Learning and unlearning the alchemy of human rights education
As human rights educators, fostering more effective learning and advocacy is often more about how we teach than what we teach.
Photo: Angélica María Cuevas
In the past few years, the human rights community has fostered an increase in critical approaches to human rights education. In addition to focusing on content, educators have paid more attention to the practice and pedagogy of human rights. Over the years, I have taught in a variety of institutions throughout five countries, both non-governmental organizations and universities/colleges. As such, I am constantly adapting to different contexts, languages, and styles of learning.
Rather than recount lessons learned, this piece aims to focus on what I—as an academic, activist and journalist—have had to unlearn in order to be more effective in human rights education.
Over the years, my courses have evolved from focusing solely on human rights abuses to human rights as a whole. When designing my syllabi I think holistically. Starting from a place of critical hope, I choose texts (a mixture of academic, journalistic and artistic) and design assignments that push my students to ask: what could our society look like if human rights are respected? We then explore the obstacles to this world of human rights, and how can we more effectively address those obstacles. In other words, I build my courses from an asset, rather than deficit model: recognizing our power, limitations and positionality, what is needed to build and sustain institutions and cultures that are centered on human rights?
In short, in these dark days, human rights classes can become spaces for cultivating both strategies and hope. This is not just done through content but also method.
As Indigenous and feminist (and Indigenous feminist) scholars have consistently tried to impart: theory and method and positionality are intimately linked. These intertwining factors determine what questions are asked or silenced, what people or groups are deemed worthy, or unworthy, of attention, empathy and resources—and what groups or individuals are marginalized and thus never seen.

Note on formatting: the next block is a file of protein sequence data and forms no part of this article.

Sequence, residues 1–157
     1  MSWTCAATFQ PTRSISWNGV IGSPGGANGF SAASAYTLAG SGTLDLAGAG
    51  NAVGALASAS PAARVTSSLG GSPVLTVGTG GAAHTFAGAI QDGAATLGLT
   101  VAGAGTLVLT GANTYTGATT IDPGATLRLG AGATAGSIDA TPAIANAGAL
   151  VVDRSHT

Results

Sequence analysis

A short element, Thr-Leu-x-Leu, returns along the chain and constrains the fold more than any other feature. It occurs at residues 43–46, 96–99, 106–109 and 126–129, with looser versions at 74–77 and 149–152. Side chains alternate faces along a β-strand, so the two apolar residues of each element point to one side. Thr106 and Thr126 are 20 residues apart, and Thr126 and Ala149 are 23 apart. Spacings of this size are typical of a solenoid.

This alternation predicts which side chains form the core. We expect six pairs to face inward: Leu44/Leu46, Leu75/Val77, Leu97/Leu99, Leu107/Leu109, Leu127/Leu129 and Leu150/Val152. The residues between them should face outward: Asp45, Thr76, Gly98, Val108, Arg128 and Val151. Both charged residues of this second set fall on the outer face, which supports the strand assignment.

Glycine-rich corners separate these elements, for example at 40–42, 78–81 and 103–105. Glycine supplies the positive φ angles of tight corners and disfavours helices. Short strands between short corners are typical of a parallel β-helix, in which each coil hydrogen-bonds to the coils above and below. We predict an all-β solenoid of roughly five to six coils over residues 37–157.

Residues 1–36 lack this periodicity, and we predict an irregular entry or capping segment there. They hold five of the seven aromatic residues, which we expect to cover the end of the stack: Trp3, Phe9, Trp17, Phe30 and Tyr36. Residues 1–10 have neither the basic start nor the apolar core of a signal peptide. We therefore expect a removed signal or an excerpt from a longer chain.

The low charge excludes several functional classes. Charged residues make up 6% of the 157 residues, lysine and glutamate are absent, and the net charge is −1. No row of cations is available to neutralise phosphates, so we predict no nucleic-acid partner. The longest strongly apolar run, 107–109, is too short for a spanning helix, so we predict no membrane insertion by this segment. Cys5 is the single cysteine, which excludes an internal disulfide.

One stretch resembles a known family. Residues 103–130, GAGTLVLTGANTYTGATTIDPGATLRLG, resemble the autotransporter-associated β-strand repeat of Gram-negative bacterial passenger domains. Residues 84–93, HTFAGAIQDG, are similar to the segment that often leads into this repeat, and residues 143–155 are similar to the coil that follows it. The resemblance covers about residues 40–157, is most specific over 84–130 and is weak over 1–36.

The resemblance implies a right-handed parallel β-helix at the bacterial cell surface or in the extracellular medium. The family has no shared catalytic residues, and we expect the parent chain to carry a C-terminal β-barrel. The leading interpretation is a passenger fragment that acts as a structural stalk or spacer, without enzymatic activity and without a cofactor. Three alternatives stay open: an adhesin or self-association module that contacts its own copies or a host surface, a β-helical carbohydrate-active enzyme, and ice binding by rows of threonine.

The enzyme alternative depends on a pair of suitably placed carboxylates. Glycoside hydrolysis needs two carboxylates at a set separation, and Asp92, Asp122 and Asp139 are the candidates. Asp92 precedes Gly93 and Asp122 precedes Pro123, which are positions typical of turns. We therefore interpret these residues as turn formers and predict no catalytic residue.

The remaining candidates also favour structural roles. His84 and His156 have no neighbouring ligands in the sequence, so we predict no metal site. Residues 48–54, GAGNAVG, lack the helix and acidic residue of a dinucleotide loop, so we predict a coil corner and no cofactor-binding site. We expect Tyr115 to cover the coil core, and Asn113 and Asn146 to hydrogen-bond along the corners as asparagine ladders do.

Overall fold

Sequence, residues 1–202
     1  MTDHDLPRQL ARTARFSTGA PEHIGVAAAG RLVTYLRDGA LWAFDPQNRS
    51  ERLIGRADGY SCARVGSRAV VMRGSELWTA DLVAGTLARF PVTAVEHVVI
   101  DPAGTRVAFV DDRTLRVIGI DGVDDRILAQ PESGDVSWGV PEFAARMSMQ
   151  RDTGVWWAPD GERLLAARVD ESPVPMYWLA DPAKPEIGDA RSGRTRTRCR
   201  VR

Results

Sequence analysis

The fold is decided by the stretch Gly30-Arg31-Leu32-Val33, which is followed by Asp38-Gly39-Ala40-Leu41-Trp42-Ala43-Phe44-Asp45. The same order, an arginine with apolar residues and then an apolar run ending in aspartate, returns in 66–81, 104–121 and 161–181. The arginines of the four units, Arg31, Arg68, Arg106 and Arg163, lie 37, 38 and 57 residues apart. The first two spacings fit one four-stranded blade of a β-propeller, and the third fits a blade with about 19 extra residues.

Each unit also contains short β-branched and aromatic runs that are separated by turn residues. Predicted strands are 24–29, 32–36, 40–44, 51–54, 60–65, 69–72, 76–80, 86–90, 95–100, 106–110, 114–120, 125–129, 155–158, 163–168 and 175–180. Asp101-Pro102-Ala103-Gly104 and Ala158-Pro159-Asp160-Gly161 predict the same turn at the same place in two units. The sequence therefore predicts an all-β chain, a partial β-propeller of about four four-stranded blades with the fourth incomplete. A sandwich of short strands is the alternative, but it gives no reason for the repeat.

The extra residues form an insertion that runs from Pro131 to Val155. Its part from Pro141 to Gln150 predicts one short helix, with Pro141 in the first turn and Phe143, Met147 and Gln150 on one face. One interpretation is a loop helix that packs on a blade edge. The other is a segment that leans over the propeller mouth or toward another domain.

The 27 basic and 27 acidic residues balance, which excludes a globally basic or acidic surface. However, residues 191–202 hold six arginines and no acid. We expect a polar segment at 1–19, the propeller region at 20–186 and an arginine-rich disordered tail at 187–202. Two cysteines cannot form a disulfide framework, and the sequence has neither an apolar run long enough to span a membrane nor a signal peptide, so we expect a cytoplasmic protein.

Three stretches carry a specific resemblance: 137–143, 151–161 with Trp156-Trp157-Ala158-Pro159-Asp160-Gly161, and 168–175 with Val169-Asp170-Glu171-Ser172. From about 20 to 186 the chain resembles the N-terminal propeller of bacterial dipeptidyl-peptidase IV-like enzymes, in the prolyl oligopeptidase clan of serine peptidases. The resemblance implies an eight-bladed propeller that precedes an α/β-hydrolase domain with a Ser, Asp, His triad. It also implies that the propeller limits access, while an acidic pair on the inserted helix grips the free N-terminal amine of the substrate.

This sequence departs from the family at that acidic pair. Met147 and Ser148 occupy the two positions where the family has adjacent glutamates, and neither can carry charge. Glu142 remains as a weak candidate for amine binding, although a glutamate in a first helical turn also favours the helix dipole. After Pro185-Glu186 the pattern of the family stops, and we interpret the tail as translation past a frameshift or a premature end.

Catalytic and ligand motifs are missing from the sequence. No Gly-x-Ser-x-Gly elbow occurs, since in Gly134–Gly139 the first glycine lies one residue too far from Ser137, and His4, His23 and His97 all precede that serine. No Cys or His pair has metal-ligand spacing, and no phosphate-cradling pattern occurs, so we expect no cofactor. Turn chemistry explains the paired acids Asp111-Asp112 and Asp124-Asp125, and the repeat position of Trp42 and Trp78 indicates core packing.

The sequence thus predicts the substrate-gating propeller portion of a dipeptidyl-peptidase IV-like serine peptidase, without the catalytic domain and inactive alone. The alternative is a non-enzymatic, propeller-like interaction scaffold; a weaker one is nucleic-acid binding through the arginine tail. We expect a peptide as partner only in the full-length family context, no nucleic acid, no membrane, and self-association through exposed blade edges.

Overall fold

But this is not just about content or research questions: the classroom is also a performance. How educators represent themselves and treat their students serves as a model for their engagement with each other as well as the outside world. Even simple acts of learning people’s names builds a space, and expectation, of dignity.
But as educators we must also radically shake up what constitutes learning itself. In my classes, for example, students write weekly reflection posts online regarding the readings, and they end those reflection posts with a question for their classmates. All students are required to answer one question per week. “Learning” is a co-constructed process coming from, and perpetuated by, the students. The reasons are three-fold:
- It evens out the power dynamics while motiving peer-based, grounded and culturally-relevant learning;
- Too often “participation points” reward students who speak up in class; however, many of my students speak English as an additional language and may want more time to compose their responses; others are just shy or more introverted. By using these online interactions, the recognition of what constitutes participation expands;